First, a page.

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FORCE's eXamining the Relevance of Articles for You (XRAY) program looks behind the headlines of cancer news to help you understand what the research means for you. XRAY is a reliable source of hereditary cancer research-related news and information.
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Prostate Cancer

61 through 63 of 63

Relevance: Low

Strength of Science: Medium

Research Timeline: Animal Studies

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Study : Do antioxidants encourage the spread of cancer cells?

Most relevant for: The clinical relevance of this study for people is not clear

Scientists do not yet know why some cancers spread to other parts of the body (a process called metastasis). A study in mice suggested that high doses of some antioxidants (chemicals that can protect cells from damage) might actually make it easier for cancer cells to spread. (12/01/2015)

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Relevance: Low

Quality of Writing: Low

Article : What “The Truth About Cancer” got wrong about BRCA mutations and cancer

Most relevant for: Because this video is full of medical misinformation, it is not relevant for anyone making healthcare decisions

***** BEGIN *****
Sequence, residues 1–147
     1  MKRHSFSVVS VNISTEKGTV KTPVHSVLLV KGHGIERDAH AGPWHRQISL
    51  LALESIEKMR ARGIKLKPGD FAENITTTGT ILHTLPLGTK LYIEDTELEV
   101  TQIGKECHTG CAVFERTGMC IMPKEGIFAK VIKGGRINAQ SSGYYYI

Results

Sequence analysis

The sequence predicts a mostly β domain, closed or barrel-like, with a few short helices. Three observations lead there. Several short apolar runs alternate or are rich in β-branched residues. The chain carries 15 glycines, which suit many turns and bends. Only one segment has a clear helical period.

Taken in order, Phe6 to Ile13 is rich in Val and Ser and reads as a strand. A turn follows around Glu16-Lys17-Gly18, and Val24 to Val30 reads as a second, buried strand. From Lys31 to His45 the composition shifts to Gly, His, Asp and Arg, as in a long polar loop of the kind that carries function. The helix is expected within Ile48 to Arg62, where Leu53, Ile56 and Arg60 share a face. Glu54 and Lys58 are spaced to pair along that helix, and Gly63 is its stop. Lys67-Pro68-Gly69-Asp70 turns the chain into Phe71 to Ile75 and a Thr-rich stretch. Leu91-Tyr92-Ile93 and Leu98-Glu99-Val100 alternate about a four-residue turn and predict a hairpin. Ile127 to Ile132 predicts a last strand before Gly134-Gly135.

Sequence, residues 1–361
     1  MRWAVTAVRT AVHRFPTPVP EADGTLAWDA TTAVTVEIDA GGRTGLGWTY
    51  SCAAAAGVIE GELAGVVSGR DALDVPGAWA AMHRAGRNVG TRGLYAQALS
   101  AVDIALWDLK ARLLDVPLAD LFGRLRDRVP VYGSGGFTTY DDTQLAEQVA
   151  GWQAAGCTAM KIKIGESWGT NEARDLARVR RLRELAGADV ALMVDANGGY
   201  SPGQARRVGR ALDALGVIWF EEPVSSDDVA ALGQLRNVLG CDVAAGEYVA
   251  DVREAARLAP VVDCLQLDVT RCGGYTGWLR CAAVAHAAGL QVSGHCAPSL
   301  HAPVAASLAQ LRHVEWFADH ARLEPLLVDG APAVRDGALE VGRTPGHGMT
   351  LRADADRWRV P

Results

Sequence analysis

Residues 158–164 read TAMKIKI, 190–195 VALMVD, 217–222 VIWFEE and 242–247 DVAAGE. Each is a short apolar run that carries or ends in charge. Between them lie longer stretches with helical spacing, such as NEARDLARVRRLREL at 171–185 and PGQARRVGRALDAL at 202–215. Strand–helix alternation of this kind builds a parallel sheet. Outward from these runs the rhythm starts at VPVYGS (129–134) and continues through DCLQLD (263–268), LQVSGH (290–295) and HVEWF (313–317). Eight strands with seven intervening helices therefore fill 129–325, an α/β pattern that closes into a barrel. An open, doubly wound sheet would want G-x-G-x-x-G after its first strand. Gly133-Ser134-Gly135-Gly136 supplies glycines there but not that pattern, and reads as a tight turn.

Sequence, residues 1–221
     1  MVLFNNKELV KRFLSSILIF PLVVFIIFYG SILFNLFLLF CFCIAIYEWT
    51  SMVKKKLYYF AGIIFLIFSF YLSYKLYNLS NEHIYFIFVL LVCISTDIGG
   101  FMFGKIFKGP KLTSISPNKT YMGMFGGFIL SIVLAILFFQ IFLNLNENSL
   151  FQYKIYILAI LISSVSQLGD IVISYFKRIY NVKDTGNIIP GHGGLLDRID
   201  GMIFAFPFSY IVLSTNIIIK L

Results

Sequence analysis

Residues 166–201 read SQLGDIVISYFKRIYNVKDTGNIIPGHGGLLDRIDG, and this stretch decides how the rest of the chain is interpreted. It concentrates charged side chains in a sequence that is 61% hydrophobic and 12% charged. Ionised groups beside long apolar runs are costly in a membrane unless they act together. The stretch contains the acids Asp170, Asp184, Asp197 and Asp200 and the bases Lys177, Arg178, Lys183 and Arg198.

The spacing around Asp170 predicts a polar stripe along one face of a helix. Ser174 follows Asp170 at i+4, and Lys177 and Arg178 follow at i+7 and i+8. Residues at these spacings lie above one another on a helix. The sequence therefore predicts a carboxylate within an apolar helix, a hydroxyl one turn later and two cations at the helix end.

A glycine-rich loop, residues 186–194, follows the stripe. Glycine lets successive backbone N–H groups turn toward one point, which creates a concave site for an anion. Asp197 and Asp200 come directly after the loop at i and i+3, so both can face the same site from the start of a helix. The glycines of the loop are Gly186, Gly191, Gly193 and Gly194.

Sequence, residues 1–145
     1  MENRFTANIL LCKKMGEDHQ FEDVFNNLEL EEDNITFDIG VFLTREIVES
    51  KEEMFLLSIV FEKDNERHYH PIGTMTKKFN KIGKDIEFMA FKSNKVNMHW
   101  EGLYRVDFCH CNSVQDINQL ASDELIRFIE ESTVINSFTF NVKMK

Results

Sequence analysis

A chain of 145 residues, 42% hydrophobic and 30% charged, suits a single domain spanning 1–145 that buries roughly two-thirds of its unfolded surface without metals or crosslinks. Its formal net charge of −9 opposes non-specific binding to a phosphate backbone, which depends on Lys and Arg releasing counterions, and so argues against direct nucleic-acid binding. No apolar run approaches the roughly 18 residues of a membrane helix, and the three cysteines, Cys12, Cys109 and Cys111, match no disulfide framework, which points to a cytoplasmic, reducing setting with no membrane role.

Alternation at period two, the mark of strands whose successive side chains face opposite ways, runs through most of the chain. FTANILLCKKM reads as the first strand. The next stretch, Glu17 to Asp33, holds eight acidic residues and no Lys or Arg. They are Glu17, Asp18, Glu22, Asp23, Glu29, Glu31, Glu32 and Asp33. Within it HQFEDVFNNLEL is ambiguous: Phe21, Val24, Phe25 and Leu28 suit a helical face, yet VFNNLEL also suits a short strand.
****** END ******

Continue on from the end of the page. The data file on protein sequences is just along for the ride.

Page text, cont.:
A website called, created a 9-part docu-series titled “The Truth About Cancer: A Global Quest” (TACGQ). The video states that Angelina Jolie’s decision to remove her breasts was one made out of fear; one commentator states that her decision was “barbaric." This video contains a lot of dangerous misinformation about BRCA mutations and inherited cancer. FORCE XRAYS provides the following point-by-point analysis on "The Truth About Cancer." (11/10/2015)

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Relevance: Medium-High

Strength of Science: Medium

Study : Impact of familial breast cancer risk on young girls

Most relevant for: Young women and girls from high-risk breast cancer families

Does growing up in a family that is at high risk for breast cancer affect young girls? Recent research found girls from families with BRCA mutations and/or a strong family history of cancer to be as well adjusted as peers of the same age. The one difference was that girls from families facing breast cancer risk had more stress related to breast cancer than their peers. While these findings are reassuring, parents know their children best, and they should ask for help if they believe their daughters are not coping well. (11/03/2015)

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